Those with power must be held to account

Bronwyn Hillbrich and John Burnett, Bundalaguah


THE symbolism of the Angus McMillan cairns implies community approval and hearty endorsement of self interest trumping basic humane principle – a grave failing that is still around today.

It’s in individuals who perpetrate domestic violence, and others engaging in daily sexual harassment and child abuse, sometimes on industrial scale.

It’s also in groups like our political parties who persecute asylum seekers, whistle-blowers and Centrelink recipients on our behalf, after making decisions to do so behind closed doors.

Yet we just keep voting for them regardless, endorsing their behaviour, as if they are as innocuous as a local football team.

Then there are large companies whose collective wisdom fails so miserably in favour of self-interest. Annulling the tacit approval of McMillan’s actions is easy.

One suggestion is to remove the plaques, change the profile of the cairns and soften them with cascades of ground covers or art works to the same effect.

A nod to the human penchant for piling up rocks in prominent places.

Remember when domestic violence was acceptable, as long as it was behind closed doors?

A ‘domestic’ was what the local police called it. It took Rosie Batty just to start the conversation about whether it was a problem or not.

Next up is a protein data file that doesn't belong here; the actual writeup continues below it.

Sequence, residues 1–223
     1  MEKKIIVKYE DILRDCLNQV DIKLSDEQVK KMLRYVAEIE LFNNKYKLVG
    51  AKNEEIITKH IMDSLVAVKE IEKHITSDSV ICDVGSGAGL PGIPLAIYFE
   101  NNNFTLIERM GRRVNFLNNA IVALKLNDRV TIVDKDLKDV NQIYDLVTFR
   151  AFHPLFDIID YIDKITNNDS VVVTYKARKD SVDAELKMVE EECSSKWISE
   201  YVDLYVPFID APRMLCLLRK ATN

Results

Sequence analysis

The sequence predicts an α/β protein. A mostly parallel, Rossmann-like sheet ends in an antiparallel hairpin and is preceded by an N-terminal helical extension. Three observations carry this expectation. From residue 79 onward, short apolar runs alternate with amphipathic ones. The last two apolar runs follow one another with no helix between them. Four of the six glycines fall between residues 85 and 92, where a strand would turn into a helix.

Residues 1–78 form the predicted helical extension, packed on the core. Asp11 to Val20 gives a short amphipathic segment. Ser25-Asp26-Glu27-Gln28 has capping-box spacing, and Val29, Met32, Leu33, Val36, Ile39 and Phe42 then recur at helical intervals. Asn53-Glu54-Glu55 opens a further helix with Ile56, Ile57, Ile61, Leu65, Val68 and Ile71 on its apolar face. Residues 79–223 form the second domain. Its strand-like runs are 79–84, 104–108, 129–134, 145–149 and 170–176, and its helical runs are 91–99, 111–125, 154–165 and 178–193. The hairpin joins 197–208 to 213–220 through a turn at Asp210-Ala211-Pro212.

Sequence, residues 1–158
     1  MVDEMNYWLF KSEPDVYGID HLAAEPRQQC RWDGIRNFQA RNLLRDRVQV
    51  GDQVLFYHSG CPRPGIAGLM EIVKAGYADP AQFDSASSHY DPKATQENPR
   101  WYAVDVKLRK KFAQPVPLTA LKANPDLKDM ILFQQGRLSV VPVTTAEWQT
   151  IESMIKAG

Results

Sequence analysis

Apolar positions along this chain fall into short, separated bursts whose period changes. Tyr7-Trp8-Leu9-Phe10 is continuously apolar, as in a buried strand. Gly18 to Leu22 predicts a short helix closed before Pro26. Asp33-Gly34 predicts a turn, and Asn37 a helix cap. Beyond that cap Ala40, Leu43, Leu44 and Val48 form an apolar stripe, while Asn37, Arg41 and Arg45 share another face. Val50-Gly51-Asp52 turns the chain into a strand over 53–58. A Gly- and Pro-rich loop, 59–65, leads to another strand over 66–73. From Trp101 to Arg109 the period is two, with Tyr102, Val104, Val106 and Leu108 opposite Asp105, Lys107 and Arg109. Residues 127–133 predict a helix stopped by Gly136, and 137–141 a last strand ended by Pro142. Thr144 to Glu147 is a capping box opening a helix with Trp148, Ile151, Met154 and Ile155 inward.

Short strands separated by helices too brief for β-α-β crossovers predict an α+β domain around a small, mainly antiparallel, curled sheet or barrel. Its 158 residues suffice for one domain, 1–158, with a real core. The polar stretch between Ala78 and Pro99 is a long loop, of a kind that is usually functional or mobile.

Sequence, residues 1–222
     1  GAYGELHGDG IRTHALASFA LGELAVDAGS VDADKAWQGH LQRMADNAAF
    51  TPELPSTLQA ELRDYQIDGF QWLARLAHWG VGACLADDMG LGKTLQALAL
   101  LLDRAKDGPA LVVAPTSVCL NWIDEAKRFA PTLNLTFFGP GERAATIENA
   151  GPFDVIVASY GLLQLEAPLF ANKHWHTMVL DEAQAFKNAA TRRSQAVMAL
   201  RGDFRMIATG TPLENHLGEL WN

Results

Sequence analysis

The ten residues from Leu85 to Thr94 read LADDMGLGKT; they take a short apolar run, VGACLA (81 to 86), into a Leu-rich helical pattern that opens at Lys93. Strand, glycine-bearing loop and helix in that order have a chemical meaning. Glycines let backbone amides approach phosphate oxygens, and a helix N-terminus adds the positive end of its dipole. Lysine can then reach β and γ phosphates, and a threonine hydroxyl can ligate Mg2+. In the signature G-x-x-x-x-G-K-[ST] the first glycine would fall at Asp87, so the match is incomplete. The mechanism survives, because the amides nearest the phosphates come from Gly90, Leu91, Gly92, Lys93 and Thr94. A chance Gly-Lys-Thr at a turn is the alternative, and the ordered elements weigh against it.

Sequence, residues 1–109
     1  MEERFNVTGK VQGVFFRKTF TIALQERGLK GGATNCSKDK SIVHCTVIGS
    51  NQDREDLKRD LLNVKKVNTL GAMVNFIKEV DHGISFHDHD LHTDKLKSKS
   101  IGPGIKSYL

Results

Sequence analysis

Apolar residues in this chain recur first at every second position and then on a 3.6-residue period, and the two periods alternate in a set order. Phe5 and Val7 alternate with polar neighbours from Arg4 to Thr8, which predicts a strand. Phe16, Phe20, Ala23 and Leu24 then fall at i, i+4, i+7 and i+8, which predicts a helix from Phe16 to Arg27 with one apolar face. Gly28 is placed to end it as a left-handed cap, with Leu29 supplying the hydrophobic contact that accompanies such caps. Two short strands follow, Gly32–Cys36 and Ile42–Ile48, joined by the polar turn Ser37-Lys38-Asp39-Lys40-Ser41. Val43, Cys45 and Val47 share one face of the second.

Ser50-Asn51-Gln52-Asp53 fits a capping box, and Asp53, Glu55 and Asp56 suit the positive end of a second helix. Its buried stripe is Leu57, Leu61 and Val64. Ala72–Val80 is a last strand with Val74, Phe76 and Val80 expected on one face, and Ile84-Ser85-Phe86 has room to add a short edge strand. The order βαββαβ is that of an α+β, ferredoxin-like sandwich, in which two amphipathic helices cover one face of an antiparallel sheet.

Then we had the #MeToo movement, trying to open our communities’ eyes to what was known to be happening in countless workplaces, but was OK, as long as we weren’t confronted by it, didn’t have to do more than smirk at the audacity of the predators.

Child abuse, which can be everywhere that children are, is enabled by colleagues and those in authority, who sometimes know the paedophiles, then decide that the good they do outweighs the evil.

Removing our approval for political parties’ decisions might require the banning of all corporate donations to their coffers, immediate, open declaration of all donations, and a demand for them to be as accountable as any shire council to the people they ‘serve’.

No lobbyist communication should be done in secret.

Companies who flout their most basic duty to humanity and the environment deserve to lose all face, their boards sacked and fined, not given approval by us all looking away and sighing, because they met their ‘legal requirements’, but not their moral obligations.